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From the Philippines: "Despite so much tragedy, they maintain an optimism that only exists in this country".

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The photos were sent from Boracay, a tropical island located approximately 315 km south of Manila and 2 km from the northwestern tip of Panay Island in the Western Bisayas region of the Philippines.
PHOTO: Antonio Larrauri, brother of Natalia, a Filipino student at the University.
15/11/13 12:54 essay Web

"What is happening these days in the Philippines is a tragedy. To get an idea, it's something like the movie The Impossible. The typhoon passed through the central region of the country known as Bisayas, there are entire cities destroyed where there is nothing left". With these words Daniel Coronel, student Ecuadorian at the University, describes what they are experiencing there after the passage of Typhoon Haiyan. Daniel is studying his IMP year at the University of Asia and the Pacific in Manila.

As soon as the first news of Haiyan's arrival was heard, Daniel, who arrived in the Philippines in June, reassured his family that the typhoon was not expected to pass through Manila. In his opinion, adequate measures were not taken. "Since Tuesday we started to know how the typhoon was going to behave and what should have been done was to evacuate those cities where it was known that it was going to pass but it was not done and look what happened," he laments.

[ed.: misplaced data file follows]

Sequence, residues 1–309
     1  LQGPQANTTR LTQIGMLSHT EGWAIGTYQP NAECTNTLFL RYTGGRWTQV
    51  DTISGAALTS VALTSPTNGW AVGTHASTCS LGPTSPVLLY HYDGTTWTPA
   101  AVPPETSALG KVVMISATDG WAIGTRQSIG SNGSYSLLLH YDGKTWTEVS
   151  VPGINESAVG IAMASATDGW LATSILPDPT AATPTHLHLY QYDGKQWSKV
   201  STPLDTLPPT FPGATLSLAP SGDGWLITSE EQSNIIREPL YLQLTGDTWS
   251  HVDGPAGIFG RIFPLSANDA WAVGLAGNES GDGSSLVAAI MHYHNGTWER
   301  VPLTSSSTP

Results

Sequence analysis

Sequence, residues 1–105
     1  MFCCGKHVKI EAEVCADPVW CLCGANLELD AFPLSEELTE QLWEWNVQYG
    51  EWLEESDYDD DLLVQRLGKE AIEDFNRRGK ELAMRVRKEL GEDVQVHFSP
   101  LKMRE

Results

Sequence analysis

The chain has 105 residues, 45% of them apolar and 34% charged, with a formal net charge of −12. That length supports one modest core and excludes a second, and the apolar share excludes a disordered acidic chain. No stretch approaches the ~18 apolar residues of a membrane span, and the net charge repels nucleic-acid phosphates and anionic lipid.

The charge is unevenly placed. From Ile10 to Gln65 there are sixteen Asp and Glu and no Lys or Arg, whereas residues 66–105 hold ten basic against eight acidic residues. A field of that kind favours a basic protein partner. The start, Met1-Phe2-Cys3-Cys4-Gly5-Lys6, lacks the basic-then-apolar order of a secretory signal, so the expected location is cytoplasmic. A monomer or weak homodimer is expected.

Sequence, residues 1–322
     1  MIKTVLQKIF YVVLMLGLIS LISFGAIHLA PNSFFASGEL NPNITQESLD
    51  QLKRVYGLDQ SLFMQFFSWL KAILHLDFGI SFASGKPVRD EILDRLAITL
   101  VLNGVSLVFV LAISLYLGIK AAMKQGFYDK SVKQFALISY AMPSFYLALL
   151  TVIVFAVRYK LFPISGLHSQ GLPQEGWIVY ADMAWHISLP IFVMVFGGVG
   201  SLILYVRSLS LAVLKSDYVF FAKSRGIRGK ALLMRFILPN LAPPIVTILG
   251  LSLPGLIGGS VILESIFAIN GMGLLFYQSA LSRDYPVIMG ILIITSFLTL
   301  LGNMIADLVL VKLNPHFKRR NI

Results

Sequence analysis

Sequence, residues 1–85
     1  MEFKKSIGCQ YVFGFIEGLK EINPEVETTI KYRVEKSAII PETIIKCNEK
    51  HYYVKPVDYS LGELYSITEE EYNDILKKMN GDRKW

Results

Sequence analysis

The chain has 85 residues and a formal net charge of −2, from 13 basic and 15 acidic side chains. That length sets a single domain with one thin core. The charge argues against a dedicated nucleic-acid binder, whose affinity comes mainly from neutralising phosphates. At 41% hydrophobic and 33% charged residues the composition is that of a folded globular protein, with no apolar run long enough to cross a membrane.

When I asked Daniel, student , a 3rd year student of advertising and Public Relations, what struck him most about the disaster, he did not hesitate to answer that it was the optimism with which Filipinos face all situations. "Despite so much tragedy, they maintain an optimism that only exists in this country. No matter how many things have happened this year such as the earthquake, the scandal in the government or the last typhoon, the people still have the same desire to move forward." "And also the eagerness of partnership of all citizens to help their affected compatriots", he adds. He gives as an example the case of the university where he studies, where an operations center has been set up and where the students take advantage of the breaks to lend a hand: "since Sunday the 'reliefoperations' began, and in our university an entire hall was set up where the goods that are collected are organized; from water to shoes, here everything adds up".

Daniel encourages University of Navarra students to help out at financial aid to the Philippines. "There are many, many ways, from joining the intentions of this population to supporting the Filipino students who are raising funds at campus; or else through NGOs."